The environmental activists in the group also had concerns to overcome. Tom Kerr of Wildlands Conservancy explains, “I was skeptical in the beginning, but not enough to keep me away.” He worried about being “manipulated,” but this has not been his experience. Pat

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    Smith of Clean Water Action said “I thought it would be another dog-and-pony show,” but found otherwise. “They’re trying to reach out to the community, be open about what they’re doing . . . I believe Lucent is honest in saying they want to simplify permitting and regulatory processes, but also move towards environmental impact improvement.”

    While members are chosen to represent a broad range of interests and affiliations, they officially participate in their individual capacity. The charter contains a ground rule, “Members should exchange relevant information with non-group constituents,” but there are no formal mechanisms for implementing this rule.

    Procedures and Issues

    The LEAG usually meets bimonthly. Ground rules are established in the charter, and an independent facilitator is present. The meetings are informal and fairly amicable, although members sometimes openly disagree with each other. Meetings are open to the public, with time set aside at the end of the meeting for observers to speak.

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    Originally, the two-and-a-half hour meetings began at 7:00 pm, with no meal served. However, members complained they didn’t have time for dinner, so the meeting time was changed to 6:00 pm, and a light supper was offered at 5:30 pm. Ilse Stoll, a plant employee designated as LEAG coordinator, said she was initially concerned that providing a meal might look like Lucent was “buying” the participants. However, she now sees the meal as a form of customer service, and finds that the meal puts members in a better frame of mind to listen and provide input.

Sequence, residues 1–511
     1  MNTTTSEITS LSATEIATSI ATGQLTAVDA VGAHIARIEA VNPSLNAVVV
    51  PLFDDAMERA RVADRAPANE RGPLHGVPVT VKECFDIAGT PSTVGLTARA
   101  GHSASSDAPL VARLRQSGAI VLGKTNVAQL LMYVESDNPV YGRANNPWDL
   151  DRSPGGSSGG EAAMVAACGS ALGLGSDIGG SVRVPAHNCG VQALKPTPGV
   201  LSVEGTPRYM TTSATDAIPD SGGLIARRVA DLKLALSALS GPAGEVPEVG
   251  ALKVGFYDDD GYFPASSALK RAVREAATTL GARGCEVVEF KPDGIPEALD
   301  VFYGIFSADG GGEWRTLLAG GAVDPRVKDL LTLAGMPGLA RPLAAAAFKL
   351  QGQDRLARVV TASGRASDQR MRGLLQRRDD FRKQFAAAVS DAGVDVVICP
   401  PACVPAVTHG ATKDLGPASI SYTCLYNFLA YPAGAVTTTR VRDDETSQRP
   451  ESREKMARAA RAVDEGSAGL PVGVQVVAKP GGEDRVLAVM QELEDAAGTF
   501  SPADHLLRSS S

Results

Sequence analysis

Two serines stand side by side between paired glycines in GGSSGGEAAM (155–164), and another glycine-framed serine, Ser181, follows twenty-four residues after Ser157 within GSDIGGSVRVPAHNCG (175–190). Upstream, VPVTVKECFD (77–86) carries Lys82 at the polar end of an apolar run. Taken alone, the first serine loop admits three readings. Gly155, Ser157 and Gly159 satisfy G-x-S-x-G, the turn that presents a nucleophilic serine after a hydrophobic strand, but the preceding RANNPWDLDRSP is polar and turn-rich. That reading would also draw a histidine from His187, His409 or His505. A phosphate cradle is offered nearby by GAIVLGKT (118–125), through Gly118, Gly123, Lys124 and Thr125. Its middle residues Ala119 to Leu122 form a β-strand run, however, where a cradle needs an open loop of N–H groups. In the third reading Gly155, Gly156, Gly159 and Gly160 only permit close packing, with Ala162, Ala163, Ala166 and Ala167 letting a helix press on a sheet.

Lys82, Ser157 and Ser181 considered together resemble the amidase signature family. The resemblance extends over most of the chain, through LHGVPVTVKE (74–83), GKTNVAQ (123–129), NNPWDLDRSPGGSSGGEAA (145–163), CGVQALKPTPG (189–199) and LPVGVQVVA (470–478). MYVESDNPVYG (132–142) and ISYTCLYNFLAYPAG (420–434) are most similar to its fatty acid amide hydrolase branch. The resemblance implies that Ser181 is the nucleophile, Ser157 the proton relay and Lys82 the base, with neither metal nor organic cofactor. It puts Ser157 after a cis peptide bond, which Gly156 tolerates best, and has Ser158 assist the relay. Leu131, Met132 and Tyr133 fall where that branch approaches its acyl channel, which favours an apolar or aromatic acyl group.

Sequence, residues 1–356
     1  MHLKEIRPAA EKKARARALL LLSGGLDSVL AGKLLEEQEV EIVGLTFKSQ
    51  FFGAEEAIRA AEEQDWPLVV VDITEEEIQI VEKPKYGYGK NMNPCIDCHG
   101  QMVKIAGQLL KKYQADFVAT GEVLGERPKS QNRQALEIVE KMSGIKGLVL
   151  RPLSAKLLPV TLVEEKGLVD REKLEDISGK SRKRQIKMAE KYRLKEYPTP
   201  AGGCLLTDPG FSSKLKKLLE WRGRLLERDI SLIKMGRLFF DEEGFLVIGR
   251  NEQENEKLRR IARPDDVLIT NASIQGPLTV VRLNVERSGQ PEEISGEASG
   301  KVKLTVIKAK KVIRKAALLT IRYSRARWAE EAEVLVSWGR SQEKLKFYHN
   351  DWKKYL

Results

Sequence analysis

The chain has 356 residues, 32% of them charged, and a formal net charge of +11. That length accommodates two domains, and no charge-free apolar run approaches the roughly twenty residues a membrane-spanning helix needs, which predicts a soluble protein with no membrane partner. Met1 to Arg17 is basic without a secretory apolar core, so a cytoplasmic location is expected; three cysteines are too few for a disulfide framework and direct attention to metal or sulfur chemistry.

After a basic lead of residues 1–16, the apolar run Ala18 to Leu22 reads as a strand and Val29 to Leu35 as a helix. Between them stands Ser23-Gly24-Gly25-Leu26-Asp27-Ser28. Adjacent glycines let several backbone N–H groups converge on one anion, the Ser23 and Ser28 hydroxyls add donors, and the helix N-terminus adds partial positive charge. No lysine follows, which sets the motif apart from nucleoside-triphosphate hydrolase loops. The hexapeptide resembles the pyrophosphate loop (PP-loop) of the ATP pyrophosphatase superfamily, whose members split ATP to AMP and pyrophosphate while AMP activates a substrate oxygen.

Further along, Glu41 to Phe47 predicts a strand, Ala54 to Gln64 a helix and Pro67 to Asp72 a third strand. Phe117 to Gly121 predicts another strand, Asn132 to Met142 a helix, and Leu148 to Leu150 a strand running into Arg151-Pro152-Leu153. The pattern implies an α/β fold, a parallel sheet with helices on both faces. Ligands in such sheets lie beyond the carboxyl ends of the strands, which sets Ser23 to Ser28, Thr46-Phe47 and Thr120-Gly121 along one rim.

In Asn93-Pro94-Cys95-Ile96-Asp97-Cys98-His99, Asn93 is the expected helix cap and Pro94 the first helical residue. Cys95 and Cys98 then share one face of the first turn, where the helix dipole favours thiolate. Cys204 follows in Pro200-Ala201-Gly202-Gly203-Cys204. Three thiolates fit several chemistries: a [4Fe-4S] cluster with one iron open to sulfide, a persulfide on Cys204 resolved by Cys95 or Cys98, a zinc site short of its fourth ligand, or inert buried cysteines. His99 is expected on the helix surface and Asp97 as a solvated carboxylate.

The group discusses issues including the EMS, chemical use and the Toxics Release Inventory, some air quality issues, and water consumption and discharge. LEAG members also took a plant tour in which employees pointed out aspects of the facility that could potentially affect the environment.

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    Role of the LEAG

    The role of the group is strictly advisory. Jerry Fields of PPL Inc. (formerly Pennsylvania Power and Light) says members “review and evaluate [Lucent’s] ideas . . . We’re their conscience, though they’re already very conscientious. We’re a check on their thinking.” Facilitator Eleanor Winsor explains, “The company keeps control of the decision-making process. No one questions that or objects to it.”


    Public disclosure. According to Eleanor Winsor, one challenge was Lucent’s nervousness about opening up to the public. “We did a lot of hand-holding to develop their comfort level.” A major turning point came when the plant had a minor chemical spill, and, according to Winsor, “they were panicked.” Winsor continues, “We worked with them, and when they shared the information with the LEAG, members responded, ‘Well, it looks like you handled things well.’ Lucent couldn’t believe it was such a non-issue. The LEAG offered suggestions and asked ‘how will you prevent this in the future?’ They were very constructive.” Member Tom Kerr concurred: “It was